VapingPost covers CEI's objection to a DOT vaping ban on airplanes.
In another blow to American vapers, the Consumer Advocates for Smoke-free Alternatives Association has failed in its attempt to strike down the Obama administration’s ban on vaping on aircraft. CASAA, together with the Competitive Enterprise Institute, argued that the decision to include vapour products in the existing federal smoking ban was based on the use of poor-quality science. They also raised the issue of whether the ban went beyond the FAA’s legal authority, and pointed out that an anti-smoking law was being used to ban products that produce no smoke.
Unfortunately the DC Circuit’s Court of Appeals wasn’t convinced, and in a two to one decision they upheld the FFA’s restriction. In an often confused ruling they admitted that the dictionary definition of smoke didn’t agree with the one the FAA was using, but decided that the ban could stand anyway. They also acknowledged that the science behind the law was flawed, but focused on a single controversial study to back the claim that second-hand vapour might be harmful to fellow passengers.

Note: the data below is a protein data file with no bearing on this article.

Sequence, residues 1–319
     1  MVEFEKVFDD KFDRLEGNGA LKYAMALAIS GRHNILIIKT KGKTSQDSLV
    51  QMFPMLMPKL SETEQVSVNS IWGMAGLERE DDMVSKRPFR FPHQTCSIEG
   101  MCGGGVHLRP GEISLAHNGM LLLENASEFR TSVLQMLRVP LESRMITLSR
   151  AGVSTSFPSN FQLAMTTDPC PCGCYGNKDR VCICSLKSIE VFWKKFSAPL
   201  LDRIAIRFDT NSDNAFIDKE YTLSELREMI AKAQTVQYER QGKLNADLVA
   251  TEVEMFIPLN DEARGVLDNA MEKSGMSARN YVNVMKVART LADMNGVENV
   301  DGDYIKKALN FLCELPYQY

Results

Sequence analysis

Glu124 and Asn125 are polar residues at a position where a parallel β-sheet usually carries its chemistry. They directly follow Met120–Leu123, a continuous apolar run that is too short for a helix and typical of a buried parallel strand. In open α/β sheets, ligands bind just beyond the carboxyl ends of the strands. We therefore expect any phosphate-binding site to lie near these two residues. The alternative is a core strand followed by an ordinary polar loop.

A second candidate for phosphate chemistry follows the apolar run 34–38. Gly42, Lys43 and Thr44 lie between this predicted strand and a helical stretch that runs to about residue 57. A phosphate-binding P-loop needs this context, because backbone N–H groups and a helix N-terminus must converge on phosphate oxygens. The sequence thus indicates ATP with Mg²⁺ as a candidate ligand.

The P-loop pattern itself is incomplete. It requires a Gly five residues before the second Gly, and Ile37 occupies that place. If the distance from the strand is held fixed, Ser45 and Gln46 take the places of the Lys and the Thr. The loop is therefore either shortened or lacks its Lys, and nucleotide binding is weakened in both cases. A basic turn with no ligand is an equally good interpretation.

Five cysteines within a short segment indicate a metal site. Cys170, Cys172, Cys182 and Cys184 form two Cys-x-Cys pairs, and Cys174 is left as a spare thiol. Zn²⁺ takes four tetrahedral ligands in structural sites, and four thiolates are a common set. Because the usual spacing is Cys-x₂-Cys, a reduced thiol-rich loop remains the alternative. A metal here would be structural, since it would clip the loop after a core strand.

The one dissenter, Judge Douglas Ginsberg, highlighted the court’s inability to tally definitions. The CEI’s lawyer said after the judgement that any risk to airline passengers is “totally undemonstrated” and added a reminder that vaping and smoking are entirely different activities.
Read the full article at VapingPost.